Speaking Skills Professor Offers Words To Part With

Professor Robert Sayler To Retire After 14 Years of Teaching Oral Advocacy
Robert Sayler
April 25, 2017

Professor Robert Sayler thinks we could all use a bit more Aristotle in our lives.

As one of the guiding minds of the University of Virginia School of Law's Public Speaking Program, Sayler consciously follows the examples of classic rhetoricians like Aristotle, Cicero and Demosthenes, even when analyzing the most recent gaffe splashing across the cable news networks. Even though he is retiring at the end of the semester after 14 years at the Law School, he does not anticipate that his interest in rhetoric will disappear any time soon.

"I never thought I'd be working this long, but one reason I did was how rewarding this is," said Sayler, who built a career as one of the nation's top commercial litigators before joining the Law School (see sidebar). "It's a labor of love."

The art of argument fascinated Sayler at a young age. He knew he wanted to be a trial lawyer when he was 10, and he honed his skills on debate teams in high school and at Stanford, where he earned his undergraduate degree in 1962.

Sayler's debate coach at Stanford was head of the rhetoric department and encouraged him to study classical thought. Sayler realized how ancient philosophers like Aristotle were relevant to his goal of being a lawyer.

"What Aristotle and all those people were mostly talking about was being a persuasive advocate, both in writing and orally," Sayler said. "But a big part of what classicists of rhetoric were teaching was about being more effective on your feet."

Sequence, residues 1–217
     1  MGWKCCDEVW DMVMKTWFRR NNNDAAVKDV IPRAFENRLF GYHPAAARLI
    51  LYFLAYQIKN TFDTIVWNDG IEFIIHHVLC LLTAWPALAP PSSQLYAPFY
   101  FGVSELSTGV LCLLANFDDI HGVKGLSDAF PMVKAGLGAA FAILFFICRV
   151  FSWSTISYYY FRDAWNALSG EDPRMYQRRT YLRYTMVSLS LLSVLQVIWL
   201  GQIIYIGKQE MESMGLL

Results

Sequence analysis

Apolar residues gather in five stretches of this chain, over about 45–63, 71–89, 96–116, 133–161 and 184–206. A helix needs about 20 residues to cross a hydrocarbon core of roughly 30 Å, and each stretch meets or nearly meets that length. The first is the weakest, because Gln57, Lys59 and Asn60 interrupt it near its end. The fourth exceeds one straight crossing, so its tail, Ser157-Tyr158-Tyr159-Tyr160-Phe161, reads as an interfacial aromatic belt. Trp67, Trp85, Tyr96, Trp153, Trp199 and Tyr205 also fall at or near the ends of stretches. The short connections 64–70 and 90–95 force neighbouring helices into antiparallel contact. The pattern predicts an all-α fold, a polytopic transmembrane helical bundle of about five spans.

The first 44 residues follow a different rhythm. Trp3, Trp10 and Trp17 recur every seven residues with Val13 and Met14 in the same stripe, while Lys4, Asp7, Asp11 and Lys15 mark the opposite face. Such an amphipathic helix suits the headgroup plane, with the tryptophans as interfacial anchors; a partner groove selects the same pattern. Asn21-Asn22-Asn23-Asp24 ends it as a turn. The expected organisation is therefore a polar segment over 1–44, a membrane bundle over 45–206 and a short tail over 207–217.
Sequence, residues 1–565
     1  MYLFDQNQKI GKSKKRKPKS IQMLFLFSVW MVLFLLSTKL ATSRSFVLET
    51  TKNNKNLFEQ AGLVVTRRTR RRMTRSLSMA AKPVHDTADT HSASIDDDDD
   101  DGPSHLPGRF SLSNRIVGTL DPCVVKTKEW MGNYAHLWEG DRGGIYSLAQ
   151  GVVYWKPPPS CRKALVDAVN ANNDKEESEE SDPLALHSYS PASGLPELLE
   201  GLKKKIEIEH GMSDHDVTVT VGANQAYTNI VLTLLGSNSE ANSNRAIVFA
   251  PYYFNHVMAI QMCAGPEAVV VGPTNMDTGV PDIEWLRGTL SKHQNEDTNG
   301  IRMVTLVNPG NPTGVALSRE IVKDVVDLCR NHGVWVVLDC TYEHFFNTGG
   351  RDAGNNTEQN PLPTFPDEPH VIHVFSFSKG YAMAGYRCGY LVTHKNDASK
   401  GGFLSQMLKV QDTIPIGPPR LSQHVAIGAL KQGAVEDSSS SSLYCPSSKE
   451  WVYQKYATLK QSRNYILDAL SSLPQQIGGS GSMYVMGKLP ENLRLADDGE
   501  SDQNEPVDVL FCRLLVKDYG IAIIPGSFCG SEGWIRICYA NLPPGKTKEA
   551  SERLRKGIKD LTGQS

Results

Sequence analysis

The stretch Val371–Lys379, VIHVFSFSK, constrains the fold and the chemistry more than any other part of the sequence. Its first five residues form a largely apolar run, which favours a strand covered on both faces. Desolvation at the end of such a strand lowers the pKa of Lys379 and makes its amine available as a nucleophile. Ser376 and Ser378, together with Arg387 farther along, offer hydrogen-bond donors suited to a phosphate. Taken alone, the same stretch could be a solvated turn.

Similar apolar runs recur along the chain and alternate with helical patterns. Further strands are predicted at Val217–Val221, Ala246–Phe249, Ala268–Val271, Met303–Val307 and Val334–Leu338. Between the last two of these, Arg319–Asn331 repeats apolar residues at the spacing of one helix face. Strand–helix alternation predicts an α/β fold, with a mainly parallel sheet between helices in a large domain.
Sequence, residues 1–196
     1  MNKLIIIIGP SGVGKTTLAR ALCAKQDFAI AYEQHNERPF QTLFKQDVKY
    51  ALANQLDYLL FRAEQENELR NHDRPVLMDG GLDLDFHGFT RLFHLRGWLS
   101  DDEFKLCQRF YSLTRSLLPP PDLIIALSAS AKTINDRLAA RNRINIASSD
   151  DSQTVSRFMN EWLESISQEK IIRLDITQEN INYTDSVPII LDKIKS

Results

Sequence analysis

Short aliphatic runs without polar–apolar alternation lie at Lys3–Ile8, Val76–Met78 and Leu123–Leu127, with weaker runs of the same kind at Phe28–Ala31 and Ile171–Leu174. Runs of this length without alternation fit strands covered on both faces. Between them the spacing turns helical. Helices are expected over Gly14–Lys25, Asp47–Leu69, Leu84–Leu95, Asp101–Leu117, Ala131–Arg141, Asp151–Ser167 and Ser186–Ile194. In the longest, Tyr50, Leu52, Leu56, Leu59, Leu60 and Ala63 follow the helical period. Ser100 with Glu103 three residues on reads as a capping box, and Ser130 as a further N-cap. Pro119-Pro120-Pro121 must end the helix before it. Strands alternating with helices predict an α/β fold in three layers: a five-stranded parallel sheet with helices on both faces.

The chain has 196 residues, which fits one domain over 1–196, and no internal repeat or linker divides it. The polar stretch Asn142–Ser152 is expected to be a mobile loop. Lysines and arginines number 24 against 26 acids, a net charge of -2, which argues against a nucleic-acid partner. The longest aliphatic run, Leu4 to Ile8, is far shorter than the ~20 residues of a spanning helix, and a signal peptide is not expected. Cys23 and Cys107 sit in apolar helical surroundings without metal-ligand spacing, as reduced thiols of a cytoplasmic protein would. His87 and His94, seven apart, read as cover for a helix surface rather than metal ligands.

When Sayler went on to Harvard Law School, he was surprised to find that classical rhetoric was not a focus of the curriculum.

"I was a little troubled that there was not much going on there," he said. "They had one short class on trial advocacy. They didn't have a course on rhetoric or advocacy generally." (He added that he has heard that Harvard Law now emphasizes oral advocacy and rhetoric more than they used to.)

Sayler graduated from Harvard Law in 1965 and went to work as a trial lawyer at Covington & Burling. Because advocacy was not taught much at law schools, firms focused on developing oral advocacy courses for their young associates. There, he learned from more experienced advocates, and eventually taught younger lawyers himself.

Sayler found success at Covington & Burling specializing in cases involving complex multi-party claims. By the mid-1990s, he was among the most senior trial lawyers at the firm and head of the litigation department, as well as chair of the ABA Litigation Section.

In 1995, Sayler received a call "from out of the blue." It was UVA Law Professor Ken Abraham, who wanted to know if Sayler would be interested in co-teaching a course on insurance law as an Ewald Distinguished Visiting Professor.

Despite his experience teaching advocacy skills to young associates, Sayler had never planned on moving into academia and considered turning the offer down because of his trial schedule. But that schedule was the very reason that Sayler's wife, Marty, encouraged him to take the gig. She wanted him to have some steady home time.

"I went home, my wife beat me over the head with a skillet and said, 'You fool, call him back and say you can come for half a year because you've got to do a trial the second half,'" he said.

(For the record, Sayler's head was untouched, and his wife used nicer words.)

Sayler agreed to teach insurance law, but he also asked if he could teach his "lust in life" — oral advocacy. He was worried "that so many able students were not getting training in being effective and comfortable on their feet." When he arrived at the Law School, he brought with him a course he had developed at Covington & Burling — Hallmarks of Distinguished Advocacy. That course eventually evolved into several public speaking courses.